7th October is an important day for people with Trigeminal Neuralgia. It is the international awareness day. People will be wearing teal t-shirts, getting buildings to glam up with teal lights, sharing facebook pics of teal ribbons and TN facts. This year I’ve decided to unpick some of the myths that exist about the condition.
MYTH – TN only occurs on one side
Well, no. It is more common on one side of the face, but bilateral trigeminal neuralgia does occur. The pain is often less severe on the second side, and rarely happens simultaneously. It can’t cross from one side of the face to the other, because the nerve doesn’t.
MYTH – Removing teeth stops TN
The pain of trigeminal neuralgia is sometimes felt in the teeth because the nerve goes into the teeth (the three branches of the trigeminal nerve separate into many tiny twigs). In the vast majority of cases, removing teeth won’t stop nerve pain.
MYTH – TN is always caused by compressions
Sometimes it is. But not always. There are many other causes, such as:
Herpes zoster virus
This is the virus that causes chicken pox and lies dormant in the system long after a patient recovers from chicken pox. Sometimes later in adult it reappears as shingles, which can also cause TN.
Trigeminal Neuralgia is a secondary condition to a number of other diseases, such as Sjögren’s Syndrome, Multiple Sclerosis, Lyme disease, and strokes.
Head injuries can cause TN
MYTH – My face pain must be TN
Not necessarily. There are twelve pairs of nerves in the head, and any of them can malfunction, causing neuralgia. There are also other conditions, such as cluster headache, which have similar symptoms. To make a diagnosis, a doctor/neurologist needs to consider all options. A patient can help by keeping a comprehensive pain diary, recording symptoms, triggers and other details.
MYTH – Nerve pain elsewhere in my body must be TN
No. Trigeminal Neuralgia only affects the trigeminal nerve, which is only in the head. If you are having other pain elsewhere, talk to your doctor about it.
MYTH – Only adults over 60 get TN
Not true. Trigeminal neuralgia is more common in older people, but it can and does strike at any age. I’ve had it since I was about seven years old. Babies have it, teenagers, thirty year olds.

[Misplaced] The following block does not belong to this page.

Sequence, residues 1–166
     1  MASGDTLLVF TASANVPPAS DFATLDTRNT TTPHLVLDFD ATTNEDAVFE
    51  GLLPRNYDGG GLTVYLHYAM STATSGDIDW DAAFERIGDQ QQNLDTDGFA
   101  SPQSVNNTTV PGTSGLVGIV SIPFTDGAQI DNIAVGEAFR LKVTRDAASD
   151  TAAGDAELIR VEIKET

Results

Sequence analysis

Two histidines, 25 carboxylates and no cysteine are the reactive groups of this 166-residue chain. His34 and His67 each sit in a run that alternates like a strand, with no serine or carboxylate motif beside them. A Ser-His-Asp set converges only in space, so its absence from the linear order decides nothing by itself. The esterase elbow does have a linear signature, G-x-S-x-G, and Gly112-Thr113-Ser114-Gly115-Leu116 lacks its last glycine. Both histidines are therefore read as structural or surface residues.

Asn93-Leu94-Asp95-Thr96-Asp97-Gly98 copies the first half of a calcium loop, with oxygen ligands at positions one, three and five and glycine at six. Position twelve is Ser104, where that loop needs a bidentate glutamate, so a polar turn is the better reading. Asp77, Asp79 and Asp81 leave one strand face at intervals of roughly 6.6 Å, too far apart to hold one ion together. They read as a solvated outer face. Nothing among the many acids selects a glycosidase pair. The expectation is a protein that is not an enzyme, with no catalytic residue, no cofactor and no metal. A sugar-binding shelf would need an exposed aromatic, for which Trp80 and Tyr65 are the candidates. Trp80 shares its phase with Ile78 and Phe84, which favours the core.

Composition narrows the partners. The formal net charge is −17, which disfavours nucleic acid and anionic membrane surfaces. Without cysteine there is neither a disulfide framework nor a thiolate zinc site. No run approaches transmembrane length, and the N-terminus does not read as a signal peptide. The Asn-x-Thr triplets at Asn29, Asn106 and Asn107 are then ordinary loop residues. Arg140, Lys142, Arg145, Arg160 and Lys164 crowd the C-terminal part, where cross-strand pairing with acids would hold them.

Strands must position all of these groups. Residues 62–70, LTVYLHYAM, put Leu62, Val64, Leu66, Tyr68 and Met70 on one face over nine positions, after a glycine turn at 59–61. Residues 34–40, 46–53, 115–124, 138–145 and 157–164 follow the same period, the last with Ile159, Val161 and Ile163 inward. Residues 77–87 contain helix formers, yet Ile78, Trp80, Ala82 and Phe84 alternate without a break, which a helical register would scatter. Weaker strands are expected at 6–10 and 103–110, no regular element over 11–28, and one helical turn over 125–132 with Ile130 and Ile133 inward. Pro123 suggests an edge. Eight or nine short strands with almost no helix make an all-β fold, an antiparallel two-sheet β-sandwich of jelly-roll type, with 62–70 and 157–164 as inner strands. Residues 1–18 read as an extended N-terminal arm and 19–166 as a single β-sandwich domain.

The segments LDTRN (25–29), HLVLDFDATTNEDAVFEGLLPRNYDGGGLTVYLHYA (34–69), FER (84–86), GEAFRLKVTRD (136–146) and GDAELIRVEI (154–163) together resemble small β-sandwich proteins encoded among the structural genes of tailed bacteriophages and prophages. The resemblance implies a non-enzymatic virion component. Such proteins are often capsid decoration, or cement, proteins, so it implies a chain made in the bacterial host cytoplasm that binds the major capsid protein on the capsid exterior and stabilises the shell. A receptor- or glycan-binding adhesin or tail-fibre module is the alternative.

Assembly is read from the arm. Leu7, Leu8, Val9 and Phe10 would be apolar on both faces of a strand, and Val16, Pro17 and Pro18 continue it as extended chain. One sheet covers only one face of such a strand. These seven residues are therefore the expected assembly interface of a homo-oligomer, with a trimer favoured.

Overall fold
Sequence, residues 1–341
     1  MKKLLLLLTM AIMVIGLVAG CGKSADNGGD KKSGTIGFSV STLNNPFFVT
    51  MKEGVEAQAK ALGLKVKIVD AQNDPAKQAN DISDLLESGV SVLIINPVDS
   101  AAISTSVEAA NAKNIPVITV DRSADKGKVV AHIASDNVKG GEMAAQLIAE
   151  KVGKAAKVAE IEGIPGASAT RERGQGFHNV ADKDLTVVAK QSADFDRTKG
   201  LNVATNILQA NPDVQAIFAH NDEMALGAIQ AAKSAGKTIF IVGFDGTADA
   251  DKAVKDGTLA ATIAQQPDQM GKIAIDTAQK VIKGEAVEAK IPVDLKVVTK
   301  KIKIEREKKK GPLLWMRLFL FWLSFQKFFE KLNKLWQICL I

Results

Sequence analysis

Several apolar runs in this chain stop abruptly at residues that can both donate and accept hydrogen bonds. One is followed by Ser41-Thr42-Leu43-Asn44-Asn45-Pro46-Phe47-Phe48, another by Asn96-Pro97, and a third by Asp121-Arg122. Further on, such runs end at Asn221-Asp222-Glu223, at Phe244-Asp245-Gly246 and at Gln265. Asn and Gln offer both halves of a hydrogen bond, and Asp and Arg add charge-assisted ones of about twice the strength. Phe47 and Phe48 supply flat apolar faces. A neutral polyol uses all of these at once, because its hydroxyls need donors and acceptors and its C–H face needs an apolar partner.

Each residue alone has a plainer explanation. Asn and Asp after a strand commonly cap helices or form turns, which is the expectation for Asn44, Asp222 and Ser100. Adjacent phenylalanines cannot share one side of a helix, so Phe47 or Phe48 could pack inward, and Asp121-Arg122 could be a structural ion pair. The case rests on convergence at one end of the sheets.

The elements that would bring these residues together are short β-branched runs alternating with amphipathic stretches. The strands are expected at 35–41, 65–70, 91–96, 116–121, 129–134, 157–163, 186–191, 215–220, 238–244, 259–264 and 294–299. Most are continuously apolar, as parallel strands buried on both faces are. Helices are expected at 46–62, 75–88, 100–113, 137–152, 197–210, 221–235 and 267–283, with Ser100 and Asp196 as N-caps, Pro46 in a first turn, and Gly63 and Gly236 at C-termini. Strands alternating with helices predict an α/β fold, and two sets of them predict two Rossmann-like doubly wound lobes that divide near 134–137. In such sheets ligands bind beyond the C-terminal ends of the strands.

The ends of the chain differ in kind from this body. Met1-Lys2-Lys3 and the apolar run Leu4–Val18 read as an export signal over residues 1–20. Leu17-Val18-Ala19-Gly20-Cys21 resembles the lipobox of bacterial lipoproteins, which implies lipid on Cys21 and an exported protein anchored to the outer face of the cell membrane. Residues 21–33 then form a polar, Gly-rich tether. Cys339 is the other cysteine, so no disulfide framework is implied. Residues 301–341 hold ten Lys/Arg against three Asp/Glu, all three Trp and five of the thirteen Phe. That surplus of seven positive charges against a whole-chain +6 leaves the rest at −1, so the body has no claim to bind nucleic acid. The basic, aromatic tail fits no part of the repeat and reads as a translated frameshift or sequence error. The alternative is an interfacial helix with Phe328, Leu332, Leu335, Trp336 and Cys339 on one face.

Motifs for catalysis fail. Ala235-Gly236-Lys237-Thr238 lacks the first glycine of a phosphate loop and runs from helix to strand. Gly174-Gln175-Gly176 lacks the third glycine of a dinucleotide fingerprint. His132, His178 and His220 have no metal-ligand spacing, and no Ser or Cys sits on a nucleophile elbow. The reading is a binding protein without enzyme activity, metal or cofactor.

MYTH – Only women get TN
Nope – TN doesn’t discriminate. Men get it too, though in fewer numbers.
MYTH – Children can’t get TN
They can and do, although it is much rarer than in adults
MYTH – 50% of people with TN commit suicide
There are so many versions of this myth floating around on the internet – 25% of people commit suicide within a year of developing TN, or 50% within three years, or 26% overall. None of them are true. People with any chronic illness/ chronic pain do have an increased risk of suicide, and many people with chronic illness/pain conditions do experience depression/suicidal thoughts. If this is you, don’t suffer them in silence. Ask your doctor for help, talk to friends and family, join a facebook support group, ring a telephone helpline.
MYTH – There is no cure for TN
I guess this depends on your definition of cure. If you mean that a particular surgical procedure or medicinal treatment will stop TN symptoms in their tracks for everyone, then no, there is no cure. But there are a range of meds and surgical procedures available to treat TN and many people do go on to live life entirely symptom-free, or only experience occasional flare-ups.
MYTH – People can only understand TN if they have it themselves
I don’t think so. Empathy, compassion and knowledge is all people need to be able to understand what someone else is experiencing. And in the end, isn’t that what awareness day is all about – sharing information and knowledge so that people can understand?
If you know anyone who needs to know more about TN, please share this post with them.